Mixing money and politics. The next mayor of New York City may be funding his campaign with contributions from Yale alumni. Frontrunner Bill de Blasio was spotted at the Yale Club Wednesday at a morning fundraiser, part of a number of large-donor events he has held recently. It remains to be seen whether any generous alum will be so kind as to offer him a $250 million donation.
Froyo fever. There appears to be no end to the number of frozen yogurt stores the local economy can support — a second Froyoworld has opened up in East Haven at 320 Main Street. Flavors offered at this new East Haven counterpart include “strawberrylicious tart,” “pumpkin pie,” “apple pie a la mode” and “pomegranate razzle sorbet.”
Crisis averted? Around two dozen students simulated the recent crisis over chemical weapons in Syria during the “Religion, Middle East Politics, and Conflict Resolution” course taught by Sallama Shaker at the Divinity School. Students took the roles of various countries with stakes in the Syrian civil war and attempted to create a resolution agreement. Regrettably, however, even a classroom of Yale students was unable come to a solution — the class ran out of time before passing a draft of a resolution.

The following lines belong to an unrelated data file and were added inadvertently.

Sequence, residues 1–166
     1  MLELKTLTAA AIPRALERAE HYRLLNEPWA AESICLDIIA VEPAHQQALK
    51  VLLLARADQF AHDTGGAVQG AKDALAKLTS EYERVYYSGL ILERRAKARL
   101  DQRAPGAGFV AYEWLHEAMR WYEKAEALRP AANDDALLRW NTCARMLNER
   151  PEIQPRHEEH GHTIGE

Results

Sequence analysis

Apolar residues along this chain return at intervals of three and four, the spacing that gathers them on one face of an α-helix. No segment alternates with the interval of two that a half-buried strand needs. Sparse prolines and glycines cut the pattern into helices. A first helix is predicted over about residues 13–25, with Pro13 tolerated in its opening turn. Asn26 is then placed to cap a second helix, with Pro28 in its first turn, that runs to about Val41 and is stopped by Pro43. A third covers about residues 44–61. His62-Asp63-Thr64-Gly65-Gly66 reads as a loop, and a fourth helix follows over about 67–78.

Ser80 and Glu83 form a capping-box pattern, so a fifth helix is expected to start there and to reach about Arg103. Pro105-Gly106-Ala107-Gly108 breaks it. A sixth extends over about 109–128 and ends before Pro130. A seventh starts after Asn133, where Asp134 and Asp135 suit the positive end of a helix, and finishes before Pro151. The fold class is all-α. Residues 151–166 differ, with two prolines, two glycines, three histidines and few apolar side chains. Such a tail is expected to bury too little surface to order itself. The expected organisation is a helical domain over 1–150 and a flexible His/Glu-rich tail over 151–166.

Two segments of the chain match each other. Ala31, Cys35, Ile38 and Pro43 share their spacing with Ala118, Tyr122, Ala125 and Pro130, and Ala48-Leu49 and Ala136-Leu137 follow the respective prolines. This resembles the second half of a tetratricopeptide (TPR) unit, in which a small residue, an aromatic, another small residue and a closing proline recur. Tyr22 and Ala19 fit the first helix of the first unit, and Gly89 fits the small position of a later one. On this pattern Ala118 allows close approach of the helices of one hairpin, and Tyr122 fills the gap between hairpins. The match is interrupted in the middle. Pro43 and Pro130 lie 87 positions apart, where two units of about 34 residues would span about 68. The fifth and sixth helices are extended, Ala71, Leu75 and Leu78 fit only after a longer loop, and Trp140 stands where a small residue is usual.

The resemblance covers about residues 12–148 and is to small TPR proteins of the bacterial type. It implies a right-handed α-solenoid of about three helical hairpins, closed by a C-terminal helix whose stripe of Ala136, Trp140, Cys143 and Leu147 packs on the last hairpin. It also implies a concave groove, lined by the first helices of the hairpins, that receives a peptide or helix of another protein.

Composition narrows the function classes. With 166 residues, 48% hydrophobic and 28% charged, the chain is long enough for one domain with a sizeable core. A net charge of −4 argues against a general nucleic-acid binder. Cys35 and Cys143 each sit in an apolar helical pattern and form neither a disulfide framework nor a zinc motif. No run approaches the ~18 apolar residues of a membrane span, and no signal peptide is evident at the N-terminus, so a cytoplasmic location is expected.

Healing hearts. Something wonderful has taken hold at the Yale New Haven Children’s Hospital. With support from music and art therapists, and under the guidance of award-wining poet-playwright Aaron Jafferis, pediatric patients are taking to the creative mediums to express their emotions. This year marks the decade anniversary of the Arts for Healing festival, which runs from Oct. 2 to Oct. 6. Along with classes and exhibits, one of the performance programs is an award-winning hip-hop play called “How to Break” about a teenage breakdancer diagnosed with leukemia.
Opera is the New Black. Black and orange balloons scattered all around campus carried this pithy slogan. The balloons were placed in dining halls and residential colleges by the Met Opera at Yale to advertise their new season, which begins this Saturday. Slated for this coming year are Tchaikovsky, Mozart and Puccini; tickets are free for those with a Yale ID and a penchant for classical art forms.
This day in Yale history. 1980. One in four, maybe more? The Yale Admissions Office released figures revealing that one in four students admitted were legacies. Critics questioned whether the move was part of a ploy to increase alumni donations.
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